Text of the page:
In some ways timely, this quiet, delicate book delivers a truly timeless emotional punch.

WHERE WE COME FROM

A Mexican-American family in Texas finds their home turned into a way station for immigrants smuggled across the border.

Cásares (Amigoland, 2009, etc.) returns to his hometown of Brownsville for a potent novel about the complexities of immigration and the lies we tell ourselves and our families. Twelve-year-old Orly is from Houston, has light skin, and speaks passable Spanish even though he strongly prefers English and sometimes denies knowing Spanish at all. After his mother’s sudden death, Orly is sent by his dad to spend the summer with his aunt Nina in Brownsville. Unbeknownst to him, Nina has a small, pink casita in her backyard being used by coyotes moving human cargo north. Neither Nina nor Orly quite knows how they got into their situations. Orly’s brother is at camp, his father is in Napa with a new girlfriend, and his mother’s absence is a gaping hole so big he can’t see the other side. Just when Nina thinks she’s rid of the smugglers for good, a young boy named Daniel knocks on her back door in the middle of the night after narrowly escaping Immigration and Customs Enforcement. Nina puts him up in the casita and now has to hide her secret from Orly, her elderly mother, and her bossy brother. As Nina, Orly, and Daniel learn each other’s secrets, the reader is treated to a novel that addresses the complexity of immigration, identity, and assimilation while telling close, intimate stories. The novel is told in a roaming third person that turns each character, no matter how seemingly one-dimensional or minor, into a powerful presence. Each voice in this chorus has something urgent to say. Cásares devotes a page or so of italicized backstory to seemingly minor characters who would drift out of a different novel without a second glance: a raspas vendor, a coyote quickly arrested, a Brownsville police officer, Orly’s English teacher, and many more. Whether it’s the teacher about to be deported, a man who doesn’t concern himself with the fact that his own mother used to be undocumented, or the many people making the dangerous crossing who are beset by tragedy, these asides all reveal the sometimes-hidden yet always profound effects of immigration. Helping us learn the truth about who we are individually and as a society is the ultimate goal of this novel.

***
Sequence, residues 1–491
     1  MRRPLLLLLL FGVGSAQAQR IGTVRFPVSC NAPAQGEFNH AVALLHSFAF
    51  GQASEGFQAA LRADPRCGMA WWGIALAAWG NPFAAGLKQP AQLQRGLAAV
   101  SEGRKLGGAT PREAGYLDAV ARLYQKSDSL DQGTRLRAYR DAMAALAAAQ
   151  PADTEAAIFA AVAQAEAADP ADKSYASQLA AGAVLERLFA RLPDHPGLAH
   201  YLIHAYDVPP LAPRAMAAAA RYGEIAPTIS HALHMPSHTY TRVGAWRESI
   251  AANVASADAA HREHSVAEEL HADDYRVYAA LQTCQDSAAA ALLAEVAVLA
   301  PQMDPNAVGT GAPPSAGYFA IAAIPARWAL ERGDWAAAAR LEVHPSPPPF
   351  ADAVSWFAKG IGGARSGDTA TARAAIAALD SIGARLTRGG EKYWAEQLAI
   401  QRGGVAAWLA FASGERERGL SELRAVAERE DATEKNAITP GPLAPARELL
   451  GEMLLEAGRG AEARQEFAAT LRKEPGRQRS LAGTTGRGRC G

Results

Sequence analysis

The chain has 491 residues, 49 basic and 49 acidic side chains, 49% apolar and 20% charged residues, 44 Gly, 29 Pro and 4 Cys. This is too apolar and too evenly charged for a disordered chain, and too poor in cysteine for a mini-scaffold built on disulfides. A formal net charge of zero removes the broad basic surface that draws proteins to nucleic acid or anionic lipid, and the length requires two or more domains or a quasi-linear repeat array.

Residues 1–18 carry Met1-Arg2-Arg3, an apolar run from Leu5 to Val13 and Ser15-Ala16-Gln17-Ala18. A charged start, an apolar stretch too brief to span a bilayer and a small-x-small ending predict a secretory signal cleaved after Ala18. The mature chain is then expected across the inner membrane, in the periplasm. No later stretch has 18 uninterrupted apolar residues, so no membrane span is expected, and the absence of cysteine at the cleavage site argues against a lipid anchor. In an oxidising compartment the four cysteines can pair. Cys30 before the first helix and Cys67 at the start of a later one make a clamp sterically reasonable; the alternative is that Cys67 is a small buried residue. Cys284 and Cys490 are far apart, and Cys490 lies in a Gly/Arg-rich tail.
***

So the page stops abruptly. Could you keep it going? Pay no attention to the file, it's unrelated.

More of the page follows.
In some ways timely, this quiet, delicate book delivers a truly timeless emotional punch.

Pub Date: May 21, 2019

ISBN: 978-0-525-65543-5

Page Count: 272

Publisher: Knopf

Review Posted Online: March 18, 2019

Kirkus Reviews Issue: April 1, 2019

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Dark and unsettling, this novel’s end arrives abruptly even as readers are still moving at a breakneck speed.

THEN SHE WAS GONE

Ten years after her teenage daughter went missing, a mother begins a new relationship only to discover she can't truly move on until she answers lingering questions about the past.